A dairy allergy and lactose intolerance are often perceived as the same condition. But, they are very different, with the former being an allergic reaction to a milk protein and the latter being a condition where an individual has a reduced amount of the digestive enzyme, lactase. The discovery of improved detection methods will better help to discriminate between an intolerance and an allergy.
The problematic allergen in cows’ milk is the whey protein, bovine β-lactoglobulin, with 82% of all patients with a cows’ milk allergy being sensitive to this protein. Although strict avoidance of cows’ milk to these individuals seems to be the only solution, this is more difficult in practice due to non-standardized labeling protocols and contamination at the processing and transporting stages. In order to aid in minimizing allergen presence, an efficient and sensitive detection method must be achieved.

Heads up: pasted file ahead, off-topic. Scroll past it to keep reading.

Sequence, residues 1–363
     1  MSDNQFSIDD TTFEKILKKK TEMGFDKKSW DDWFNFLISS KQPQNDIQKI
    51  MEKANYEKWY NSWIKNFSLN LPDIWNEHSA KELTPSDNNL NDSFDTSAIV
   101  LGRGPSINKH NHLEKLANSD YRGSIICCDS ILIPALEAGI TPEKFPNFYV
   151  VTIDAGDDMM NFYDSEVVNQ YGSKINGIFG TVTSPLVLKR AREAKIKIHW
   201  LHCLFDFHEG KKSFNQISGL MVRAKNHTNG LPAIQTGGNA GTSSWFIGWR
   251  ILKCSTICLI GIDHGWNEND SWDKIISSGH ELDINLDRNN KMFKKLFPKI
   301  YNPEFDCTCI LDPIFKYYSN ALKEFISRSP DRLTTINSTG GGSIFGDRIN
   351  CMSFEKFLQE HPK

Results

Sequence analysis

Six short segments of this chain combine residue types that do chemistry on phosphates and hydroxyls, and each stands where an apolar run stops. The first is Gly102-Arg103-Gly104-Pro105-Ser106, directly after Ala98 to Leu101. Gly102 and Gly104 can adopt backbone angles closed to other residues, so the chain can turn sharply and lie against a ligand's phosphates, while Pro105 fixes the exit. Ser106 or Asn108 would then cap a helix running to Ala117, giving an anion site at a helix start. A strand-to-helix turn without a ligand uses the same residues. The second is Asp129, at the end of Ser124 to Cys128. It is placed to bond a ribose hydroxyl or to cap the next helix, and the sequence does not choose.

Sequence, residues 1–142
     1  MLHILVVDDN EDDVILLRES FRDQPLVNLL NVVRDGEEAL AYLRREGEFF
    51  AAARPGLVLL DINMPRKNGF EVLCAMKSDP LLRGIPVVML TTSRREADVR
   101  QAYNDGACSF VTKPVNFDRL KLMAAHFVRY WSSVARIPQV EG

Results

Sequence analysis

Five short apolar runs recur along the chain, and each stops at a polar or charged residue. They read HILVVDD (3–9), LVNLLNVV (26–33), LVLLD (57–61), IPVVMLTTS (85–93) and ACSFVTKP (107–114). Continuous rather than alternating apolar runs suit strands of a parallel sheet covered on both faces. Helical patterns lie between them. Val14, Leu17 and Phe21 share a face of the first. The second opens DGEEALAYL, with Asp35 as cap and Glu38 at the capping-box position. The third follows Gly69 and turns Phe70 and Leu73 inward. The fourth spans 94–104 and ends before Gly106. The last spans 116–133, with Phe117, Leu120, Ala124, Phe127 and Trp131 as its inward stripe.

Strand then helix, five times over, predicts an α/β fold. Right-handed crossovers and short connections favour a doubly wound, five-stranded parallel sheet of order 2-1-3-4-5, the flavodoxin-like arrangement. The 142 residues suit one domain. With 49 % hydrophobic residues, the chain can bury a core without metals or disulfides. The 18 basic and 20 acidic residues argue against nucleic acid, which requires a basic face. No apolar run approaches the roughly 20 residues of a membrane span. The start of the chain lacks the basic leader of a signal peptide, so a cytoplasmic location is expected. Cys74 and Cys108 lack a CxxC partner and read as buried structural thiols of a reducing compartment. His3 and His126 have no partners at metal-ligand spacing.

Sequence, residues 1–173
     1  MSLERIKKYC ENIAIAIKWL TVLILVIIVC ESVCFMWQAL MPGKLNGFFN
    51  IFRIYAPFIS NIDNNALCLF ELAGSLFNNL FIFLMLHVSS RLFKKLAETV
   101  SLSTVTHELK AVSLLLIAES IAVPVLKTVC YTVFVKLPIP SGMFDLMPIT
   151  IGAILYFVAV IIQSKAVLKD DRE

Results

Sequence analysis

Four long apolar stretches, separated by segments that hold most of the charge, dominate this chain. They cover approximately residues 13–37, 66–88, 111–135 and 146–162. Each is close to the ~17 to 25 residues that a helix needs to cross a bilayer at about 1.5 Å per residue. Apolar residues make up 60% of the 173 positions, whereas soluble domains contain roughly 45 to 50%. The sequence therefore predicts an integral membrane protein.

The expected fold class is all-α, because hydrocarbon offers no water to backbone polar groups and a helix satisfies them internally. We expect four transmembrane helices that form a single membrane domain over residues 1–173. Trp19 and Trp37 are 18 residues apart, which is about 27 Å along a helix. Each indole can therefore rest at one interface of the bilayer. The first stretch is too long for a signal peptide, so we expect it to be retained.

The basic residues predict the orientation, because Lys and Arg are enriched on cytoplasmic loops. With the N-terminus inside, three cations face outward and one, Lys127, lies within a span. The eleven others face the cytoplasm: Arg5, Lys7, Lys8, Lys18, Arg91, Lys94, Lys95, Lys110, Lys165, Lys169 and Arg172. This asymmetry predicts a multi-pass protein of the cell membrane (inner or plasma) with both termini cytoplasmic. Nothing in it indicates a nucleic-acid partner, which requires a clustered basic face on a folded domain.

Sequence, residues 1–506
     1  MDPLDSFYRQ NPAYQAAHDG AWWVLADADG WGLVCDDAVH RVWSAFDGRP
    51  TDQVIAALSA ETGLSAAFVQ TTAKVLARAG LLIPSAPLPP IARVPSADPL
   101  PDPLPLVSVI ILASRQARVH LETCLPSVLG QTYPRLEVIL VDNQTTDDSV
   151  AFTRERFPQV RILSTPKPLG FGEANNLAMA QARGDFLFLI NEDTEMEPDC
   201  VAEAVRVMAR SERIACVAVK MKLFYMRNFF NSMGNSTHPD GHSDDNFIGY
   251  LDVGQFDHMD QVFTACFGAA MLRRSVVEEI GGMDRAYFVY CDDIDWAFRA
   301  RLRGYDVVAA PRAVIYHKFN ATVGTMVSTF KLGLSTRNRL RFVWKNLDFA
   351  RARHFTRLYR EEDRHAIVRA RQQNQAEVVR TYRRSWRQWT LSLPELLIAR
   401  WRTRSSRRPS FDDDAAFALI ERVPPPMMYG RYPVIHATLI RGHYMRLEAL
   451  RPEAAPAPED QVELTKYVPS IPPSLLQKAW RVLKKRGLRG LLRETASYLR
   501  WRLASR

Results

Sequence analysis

Working with the highly specific nature of a specific monoclonal antibody to the bovine β-lactoglobulin protein, He et al. have discovered a successful and reliable method, which uses a sensitive fluorescent sandwich enzyme-linked immunosorbent assay, referred to as sELISA. This method proves reliable in detecting, quantifying and monitoring bovine β-lactoglobulin content following the results from infant formulas.
Using this method in the future detection of food allergens could take the form of a fluorescence biosensor, which could become a key part of a household medical kit.
This Research Article is published in the second issue of the Journal of the Science of Food and Agriculture for 2018, read more like it here.